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iterator & list runtime errors

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int ia[] = { 0, 1, 1, 2, 3, 5, 8, 13, 21, 55, 89 }; list<int> ilist( ia, ia+11 ); for(list<int>::iterator i = ilist.begin() ; i != ilist.end(); i++){ if((*i)%2 != 0){ ilist.erase(i); } } this code generates errors for some reason, i thought to delete an item from a list you supply an iterator position. If i take out erase it works, but isnt that the right syntax?

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when you erase, your iterator gets invalidated, you need to make use of the return value of erase()

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int ia[] = { 0, 1, 1, 2, 3, 5, 8, 13, 21, 55, 89 };
list<int> ilist( ia, ia+11 );
for(list<int>::iterator i = ilist.begin(); i != ilist.end(); i++){
if((*i)%2 != 0){
i = ilist.erase(i);
}
}


it works now, but the output is wrong. Its supposed to delete all odd numbers but it only works on half of them it seems.

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You should read up on how the erase function works...you were iterating when you shouldn't have. Take a look at this...

#include <iostream>
#include <list>
using std::cout;
using std::endl;
using std::list;


int main(int argc, char **argv)
{
argc, argv;

int ia[] = { 0, 1, 1, 2, 3, 5, 8, 13, 21, 55, 89 };
list<int> ilist( ia, ia+11 );


list<int>::iterator i = ilist.begin();
while( i != ilist.end() )
{
if( 0 != ( (*i) % 2) )
{
i = ilist.erase(i);
// only increment when you aren't deleting....
}
else
{
i++;
}
}

// print the result out...
for( i = ilist.begin(); i != ilist.end(); ++i )
cout << (*i) << endl;

return(0);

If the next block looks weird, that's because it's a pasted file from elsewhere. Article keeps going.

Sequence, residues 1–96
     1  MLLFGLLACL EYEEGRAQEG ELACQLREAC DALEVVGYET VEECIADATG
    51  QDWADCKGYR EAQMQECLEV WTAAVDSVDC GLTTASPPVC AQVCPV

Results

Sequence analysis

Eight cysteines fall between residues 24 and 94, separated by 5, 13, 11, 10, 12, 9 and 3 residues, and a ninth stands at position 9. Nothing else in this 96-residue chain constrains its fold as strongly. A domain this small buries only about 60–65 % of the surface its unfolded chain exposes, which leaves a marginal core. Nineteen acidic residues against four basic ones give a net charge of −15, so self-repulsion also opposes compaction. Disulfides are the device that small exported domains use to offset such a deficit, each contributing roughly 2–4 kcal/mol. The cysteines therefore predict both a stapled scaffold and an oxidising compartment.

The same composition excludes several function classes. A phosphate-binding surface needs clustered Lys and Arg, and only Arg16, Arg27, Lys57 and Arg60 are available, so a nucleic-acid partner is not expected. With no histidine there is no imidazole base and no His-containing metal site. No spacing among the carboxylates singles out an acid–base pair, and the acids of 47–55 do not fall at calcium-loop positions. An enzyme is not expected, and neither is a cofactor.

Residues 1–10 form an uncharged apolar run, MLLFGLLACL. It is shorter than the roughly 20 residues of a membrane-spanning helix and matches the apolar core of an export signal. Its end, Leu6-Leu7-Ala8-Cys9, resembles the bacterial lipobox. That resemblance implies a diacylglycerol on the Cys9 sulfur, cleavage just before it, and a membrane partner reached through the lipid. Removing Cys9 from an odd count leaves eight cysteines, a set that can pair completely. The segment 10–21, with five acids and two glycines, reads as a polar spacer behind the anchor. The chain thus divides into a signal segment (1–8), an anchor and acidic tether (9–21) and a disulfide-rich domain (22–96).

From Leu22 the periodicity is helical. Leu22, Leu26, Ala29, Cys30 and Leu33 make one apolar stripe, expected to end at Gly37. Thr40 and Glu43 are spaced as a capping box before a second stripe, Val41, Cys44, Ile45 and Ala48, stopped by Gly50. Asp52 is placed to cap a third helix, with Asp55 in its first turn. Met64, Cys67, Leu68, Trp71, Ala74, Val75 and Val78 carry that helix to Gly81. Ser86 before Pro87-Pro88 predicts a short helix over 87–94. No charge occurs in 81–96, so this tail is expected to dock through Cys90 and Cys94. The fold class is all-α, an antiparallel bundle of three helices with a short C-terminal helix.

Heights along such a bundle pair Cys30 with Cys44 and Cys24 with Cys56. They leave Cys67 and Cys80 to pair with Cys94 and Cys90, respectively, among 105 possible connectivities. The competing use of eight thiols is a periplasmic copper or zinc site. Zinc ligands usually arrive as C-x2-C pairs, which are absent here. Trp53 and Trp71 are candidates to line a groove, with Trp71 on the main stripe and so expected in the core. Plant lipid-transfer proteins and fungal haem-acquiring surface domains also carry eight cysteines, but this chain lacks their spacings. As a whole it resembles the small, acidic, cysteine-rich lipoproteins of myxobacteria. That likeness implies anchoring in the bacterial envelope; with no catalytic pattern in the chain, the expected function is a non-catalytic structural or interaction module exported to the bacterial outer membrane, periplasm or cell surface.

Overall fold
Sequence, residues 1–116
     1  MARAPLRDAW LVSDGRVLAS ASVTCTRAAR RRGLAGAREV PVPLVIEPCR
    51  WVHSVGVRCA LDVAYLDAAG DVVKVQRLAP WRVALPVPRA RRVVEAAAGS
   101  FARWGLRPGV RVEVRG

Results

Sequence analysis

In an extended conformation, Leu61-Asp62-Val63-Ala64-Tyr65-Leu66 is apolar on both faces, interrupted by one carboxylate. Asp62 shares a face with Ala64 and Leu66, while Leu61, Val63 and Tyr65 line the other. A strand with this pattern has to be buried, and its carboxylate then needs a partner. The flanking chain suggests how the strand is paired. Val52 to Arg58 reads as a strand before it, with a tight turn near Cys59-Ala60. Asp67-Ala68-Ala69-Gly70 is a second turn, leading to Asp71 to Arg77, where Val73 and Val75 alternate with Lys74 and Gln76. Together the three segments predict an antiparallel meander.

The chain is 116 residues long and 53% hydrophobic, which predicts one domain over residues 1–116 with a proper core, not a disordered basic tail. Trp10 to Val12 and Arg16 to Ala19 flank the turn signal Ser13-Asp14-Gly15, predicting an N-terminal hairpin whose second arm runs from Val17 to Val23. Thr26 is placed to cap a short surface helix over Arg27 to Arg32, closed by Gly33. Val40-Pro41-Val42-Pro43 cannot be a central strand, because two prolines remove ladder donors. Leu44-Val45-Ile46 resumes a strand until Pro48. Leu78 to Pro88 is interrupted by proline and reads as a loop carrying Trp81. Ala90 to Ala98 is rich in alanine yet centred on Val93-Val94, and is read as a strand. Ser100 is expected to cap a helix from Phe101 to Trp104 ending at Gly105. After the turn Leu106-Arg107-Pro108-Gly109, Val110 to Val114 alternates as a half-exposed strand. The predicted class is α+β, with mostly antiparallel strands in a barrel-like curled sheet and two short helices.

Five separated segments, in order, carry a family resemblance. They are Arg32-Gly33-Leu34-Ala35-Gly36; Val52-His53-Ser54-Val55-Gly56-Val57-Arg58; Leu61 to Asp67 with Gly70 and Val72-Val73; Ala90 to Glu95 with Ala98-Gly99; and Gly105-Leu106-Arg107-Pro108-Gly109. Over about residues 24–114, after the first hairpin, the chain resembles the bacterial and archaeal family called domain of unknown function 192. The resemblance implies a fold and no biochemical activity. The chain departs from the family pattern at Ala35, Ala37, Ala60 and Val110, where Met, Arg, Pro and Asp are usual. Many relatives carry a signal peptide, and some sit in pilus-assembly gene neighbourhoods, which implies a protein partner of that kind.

}


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Quote:
Original post by moeron
You should read up on how the erase function works...you were iterating when you shouldn't have. Take a look at this...
*** Source Snippet Removed ***


i tried finding documentation on it and all I found was it returns an iterator. I assume the erase method returns an iterator pointing to the next iterator?

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Quote:
Original post by Gink
i tried finding documentation on it and all I found was it returns an iterator. I assume the erase method returns an iterator pointing to the next iterator?


Yep, so you were doubling up. MSDN usually has some in depth information about stuff like this.

EDIT:
Here is something I just found by searching MSDN for list::erase
Quote:
MSDN list::erase Info
list::erase

iterator erase(iterator it);
iterator erase(iterator first, iterator last);

The first member function removes the element of the controlled sequence pointed to by it. The second member function removes the elements of the controlled sequence in the range [first, last). Both return an iterator that designates the first element remaining beyond any elements removed, or end() if no such element exists.

Erasing N elements causes N destructor calls. No reallocation occurs, so iterators and references become invalid only for the erased elements.

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It returns an iterator pointing to the next node after the erased one. Now, if you think about it, this is pretty much the same as incrementing the iterator. Because you already increment it at the end of every round of the for loop, it basically gets incremented twice each time a node is erased. That's why you must only increment the iterator manually if a node wasn't erased.

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Quote:
Original post by Gink
Its supposed to delete all odd numbers but it only works on half of them it seems.



#include <cstddef> // size_t
#include <algorithm> // copy
#include <iterator> // ostream_iterator
#include <list>
#include <iostream>

bool is_odd(int val) {
return ((val % 2) != 0);
}

int main() {

int ia[] = { 0, 1, 1, 2, 3, 5, 8, 13, 21, 55, 89 };
const std::size_t N = sizeof(ia) / sizeof(int);

std::list<int> ilist(ia, ia + N);

std::cout << "before:\n";

std::copy(ilist.begin(), ilist.end(),
std::ostream_iterator<int>(std::cout, "\n"));

ilist.remove_if(is_odd);

std::cout << "\nafter:\n";

std::copy(ilist.begin(), ilist.end(),
std::ostream_iterator<int>(std::cout, "\n"));

}


remove/remove_if removes all occurrences of some given criteria/value. In general try to avoid explicit hand-written loop code in favour of using the standard library generic algorithms

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